Executive Action (Siréne-189)
Majestic Theater, Dallas, TX – June 9th, 1973 (early & late show)
Disc 1 (1st show): Larks’ Tongues In Aspic Part I, Fripp speaks, Easy Money, improvisation, Exiles, The Talking Drum, Larks’ Tongues In Aspic Part II, 21st Century Schizoid Man
Disc 2 (2nd show): Dr. Diamond, Larks’ Tongues In Aspic Part , Fripp speaks, Easy Money, improvisation, Exiles, The Talking Drum, Larks’ Tongues In Aspic Part II, 21st Century Schizoid Man
Executive Action collects the two complete shows deep in the heart of Texas. These two were released together before on Day And Night (920304/920405) on Moonchild Records many years ago. Crimson played three dates in Texas on this tour but the other two, June 8th in Houston and June 10th in San Antonio, have never surfaced. The afternoon show on disc one is a very good audience recording that is slightly muffled and has some strange fluctuations in volume like during the first verse of “Easy Money” and at the beginning of the improvisation. There is a tape flip between “Exiles” and “The Talking Drum” with no music lost and it is enjoyable and better than many other of the tapes circulating from this tour. After opening with “Larks’ Tongues In Aspic Part I” Fripp greets the audience by saying, “great to be in Texas. The first piece of the evening was the title track called ‘Larks’ Tongues In Aspic’…May I recommend you rush out to your local record store take the owner by the neck and tell him to stock his store with this album.” He continues by called “Easy Money” as an “epic of culture”. The following improvisation is based upon a melodic bass line by Wetton over which Cross plays a violin melody with Fripp accompanying on the mellotron with Bruford being strangely subdued.
It lasts just over four minutes before the audience recognizes the mellotron introduction to “Exiles”. The band almost lose their way in the middle of “Larks’ Tongues In Aspic Part II”. Afterwards there are some inaudible audience comments before the band play “21st Century Schizoid Man” as the final number. It is the only non-album track played and the middle solo section is taken at double time and becomes very chaotic at certain points. The tape for the evening show is much louder than the first with hints of distortion in the upper frequencies and similar volume fluctuations throughout. It was produced by a different taper in a location closer to the stage. Some of his comments are audible but the dynamics are captured better and it is a more enjoyable show than the first. It cuts in right at the very beginning of “Dr. Diamond” which was Crimson’s first new song since the sessions that produced the Larks’ Tongues LP. The intro to “Larks’ Tongues” is more discordant than the afternoon show and the tape captures the depth of the performance. Fripp speaks to the audience by saying, “ ladies and gentlemen, may I thank you on behalf of the band for that very generous reception…buy the record. Help! Please! We need the money.” Somebody asks the taper if the drummer is the same one for Procol Harum.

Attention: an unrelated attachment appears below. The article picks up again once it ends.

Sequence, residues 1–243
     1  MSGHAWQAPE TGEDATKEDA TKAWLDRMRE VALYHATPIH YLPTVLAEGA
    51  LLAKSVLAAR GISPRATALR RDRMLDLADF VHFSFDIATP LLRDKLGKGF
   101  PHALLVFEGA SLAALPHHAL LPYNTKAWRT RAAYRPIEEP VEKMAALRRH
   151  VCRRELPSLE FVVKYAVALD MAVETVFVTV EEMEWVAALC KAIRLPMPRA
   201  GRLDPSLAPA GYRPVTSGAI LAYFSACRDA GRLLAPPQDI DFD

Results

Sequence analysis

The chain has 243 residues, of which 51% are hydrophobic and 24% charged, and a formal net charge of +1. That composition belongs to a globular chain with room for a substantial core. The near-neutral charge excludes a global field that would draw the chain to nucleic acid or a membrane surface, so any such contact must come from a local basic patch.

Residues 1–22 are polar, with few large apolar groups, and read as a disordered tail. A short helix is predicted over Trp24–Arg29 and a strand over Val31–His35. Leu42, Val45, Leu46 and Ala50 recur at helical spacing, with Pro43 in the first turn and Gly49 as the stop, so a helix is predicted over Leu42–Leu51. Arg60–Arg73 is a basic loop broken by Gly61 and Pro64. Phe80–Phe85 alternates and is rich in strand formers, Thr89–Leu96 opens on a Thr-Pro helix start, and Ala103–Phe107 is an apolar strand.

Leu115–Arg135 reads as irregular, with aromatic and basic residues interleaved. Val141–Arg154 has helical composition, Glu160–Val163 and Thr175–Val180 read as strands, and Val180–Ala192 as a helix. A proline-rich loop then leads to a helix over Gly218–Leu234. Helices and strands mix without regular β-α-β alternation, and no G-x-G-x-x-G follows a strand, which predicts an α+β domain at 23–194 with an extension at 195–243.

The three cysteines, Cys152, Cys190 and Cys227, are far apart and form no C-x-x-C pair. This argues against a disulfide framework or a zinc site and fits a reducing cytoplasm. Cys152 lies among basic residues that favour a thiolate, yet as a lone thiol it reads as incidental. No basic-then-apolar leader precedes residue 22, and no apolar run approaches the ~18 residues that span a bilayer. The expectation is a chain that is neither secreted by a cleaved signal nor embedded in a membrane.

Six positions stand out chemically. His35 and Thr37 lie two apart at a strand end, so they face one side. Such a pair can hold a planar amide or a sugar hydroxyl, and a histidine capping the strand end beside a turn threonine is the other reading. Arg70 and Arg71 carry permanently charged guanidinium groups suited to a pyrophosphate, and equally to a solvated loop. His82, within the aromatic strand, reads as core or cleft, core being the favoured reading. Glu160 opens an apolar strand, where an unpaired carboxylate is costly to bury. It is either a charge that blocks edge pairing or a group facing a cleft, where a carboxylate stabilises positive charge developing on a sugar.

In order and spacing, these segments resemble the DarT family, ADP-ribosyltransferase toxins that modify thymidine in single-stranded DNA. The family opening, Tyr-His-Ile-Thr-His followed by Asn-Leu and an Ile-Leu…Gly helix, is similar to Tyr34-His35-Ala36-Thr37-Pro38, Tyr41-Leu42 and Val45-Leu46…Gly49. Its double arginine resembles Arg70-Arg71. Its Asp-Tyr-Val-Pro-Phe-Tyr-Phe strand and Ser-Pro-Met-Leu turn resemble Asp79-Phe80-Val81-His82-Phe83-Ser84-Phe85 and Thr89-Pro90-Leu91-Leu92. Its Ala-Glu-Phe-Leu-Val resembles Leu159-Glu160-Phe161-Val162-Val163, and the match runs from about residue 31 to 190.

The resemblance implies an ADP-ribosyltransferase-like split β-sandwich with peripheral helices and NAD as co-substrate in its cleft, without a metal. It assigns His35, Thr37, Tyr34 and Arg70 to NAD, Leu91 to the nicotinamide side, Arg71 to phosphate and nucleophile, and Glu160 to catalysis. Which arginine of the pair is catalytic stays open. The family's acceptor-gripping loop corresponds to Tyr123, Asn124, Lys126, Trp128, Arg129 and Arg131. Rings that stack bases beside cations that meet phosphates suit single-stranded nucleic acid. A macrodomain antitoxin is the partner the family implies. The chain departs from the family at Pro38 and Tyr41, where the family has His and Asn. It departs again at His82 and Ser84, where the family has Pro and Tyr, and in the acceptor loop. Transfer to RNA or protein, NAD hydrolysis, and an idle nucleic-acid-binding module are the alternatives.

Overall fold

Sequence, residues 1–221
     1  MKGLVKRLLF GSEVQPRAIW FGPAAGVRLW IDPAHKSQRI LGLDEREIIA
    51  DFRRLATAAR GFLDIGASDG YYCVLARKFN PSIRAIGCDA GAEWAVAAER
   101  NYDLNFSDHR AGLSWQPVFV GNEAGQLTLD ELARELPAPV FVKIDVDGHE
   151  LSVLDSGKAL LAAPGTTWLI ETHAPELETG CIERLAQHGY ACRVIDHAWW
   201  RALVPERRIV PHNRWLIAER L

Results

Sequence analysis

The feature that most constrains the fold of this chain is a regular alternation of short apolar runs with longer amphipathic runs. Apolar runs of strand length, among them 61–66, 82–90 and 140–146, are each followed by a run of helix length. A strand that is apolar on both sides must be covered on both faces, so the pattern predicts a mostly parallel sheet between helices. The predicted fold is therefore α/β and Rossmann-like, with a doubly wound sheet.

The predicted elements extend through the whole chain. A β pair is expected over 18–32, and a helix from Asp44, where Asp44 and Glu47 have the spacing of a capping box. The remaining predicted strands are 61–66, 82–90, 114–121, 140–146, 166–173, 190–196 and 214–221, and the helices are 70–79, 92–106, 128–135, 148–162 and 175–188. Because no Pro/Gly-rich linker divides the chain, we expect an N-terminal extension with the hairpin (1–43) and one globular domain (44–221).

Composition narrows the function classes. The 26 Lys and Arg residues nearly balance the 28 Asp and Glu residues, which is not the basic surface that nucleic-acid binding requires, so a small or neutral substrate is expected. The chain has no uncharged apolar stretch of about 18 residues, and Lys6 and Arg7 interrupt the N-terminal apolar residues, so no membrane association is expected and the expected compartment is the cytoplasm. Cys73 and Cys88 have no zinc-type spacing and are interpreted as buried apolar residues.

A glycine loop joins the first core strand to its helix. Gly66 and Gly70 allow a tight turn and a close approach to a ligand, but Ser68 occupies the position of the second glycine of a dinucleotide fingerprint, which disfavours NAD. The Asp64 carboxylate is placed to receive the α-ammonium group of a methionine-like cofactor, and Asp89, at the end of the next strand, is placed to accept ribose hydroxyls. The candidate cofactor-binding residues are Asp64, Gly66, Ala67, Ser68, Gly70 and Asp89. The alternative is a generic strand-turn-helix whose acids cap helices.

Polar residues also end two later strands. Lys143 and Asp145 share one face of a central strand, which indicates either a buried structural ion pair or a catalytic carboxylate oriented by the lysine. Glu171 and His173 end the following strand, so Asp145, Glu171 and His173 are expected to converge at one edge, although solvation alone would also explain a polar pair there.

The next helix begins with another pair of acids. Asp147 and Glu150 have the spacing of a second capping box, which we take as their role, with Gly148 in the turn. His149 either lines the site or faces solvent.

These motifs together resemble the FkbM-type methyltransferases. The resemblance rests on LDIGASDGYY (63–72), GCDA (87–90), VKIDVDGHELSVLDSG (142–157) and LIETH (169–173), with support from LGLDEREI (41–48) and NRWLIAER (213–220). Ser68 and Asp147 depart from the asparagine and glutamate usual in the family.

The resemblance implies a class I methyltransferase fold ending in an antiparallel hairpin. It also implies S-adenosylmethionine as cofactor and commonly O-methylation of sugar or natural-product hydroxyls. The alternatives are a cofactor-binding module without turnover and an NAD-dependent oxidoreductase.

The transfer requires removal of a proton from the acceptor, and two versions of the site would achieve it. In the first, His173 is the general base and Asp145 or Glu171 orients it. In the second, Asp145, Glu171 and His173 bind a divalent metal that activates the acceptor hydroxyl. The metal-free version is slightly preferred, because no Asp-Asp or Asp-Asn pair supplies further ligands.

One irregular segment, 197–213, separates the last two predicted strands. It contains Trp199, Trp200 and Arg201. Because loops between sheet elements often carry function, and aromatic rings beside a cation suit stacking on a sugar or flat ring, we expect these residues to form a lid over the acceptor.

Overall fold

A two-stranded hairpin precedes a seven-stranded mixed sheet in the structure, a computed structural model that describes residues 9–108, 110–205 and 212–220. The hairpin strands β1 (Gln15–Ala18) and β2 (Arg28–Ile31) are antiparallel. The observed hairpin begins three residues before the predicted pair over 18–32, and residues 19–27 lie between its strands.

After “Easy Money” they play their improv which is shorter than the afternoon show. It is again lead by Cross but with heavier drums from Bruford and Fripp silent. Just like on the first disc there is a tape flip between “Exiles” and “The Talking Drum”. “Larks’ Tongues In Aspic Part II” really chugs along to a dramatic climax followed by the obligatory “21st Century Schizoid Man” as a finale. The rest of the concert is the same set list as the earlier show but much tighter. The only real difference in the two concerts is the opening number. Siréne claim to have corrected the speed on these tapes over against the Moonchild release. Whatever mastering they have done to the tapes makes the sound quality very listenable although far from perfect. Since these have not been released Executive Action is packaged with appropriate period photographs and is limited to three hundred copies. This label has been pumping out a lot of King Crimson titles of late and this is among the very good ones that are definitely worth having. There aren’t any rarities contained in the sets but it is a very good document of the band right in the middle of the Larks’ Tongues period before then began to push the boundaries forward into Starless. (GS)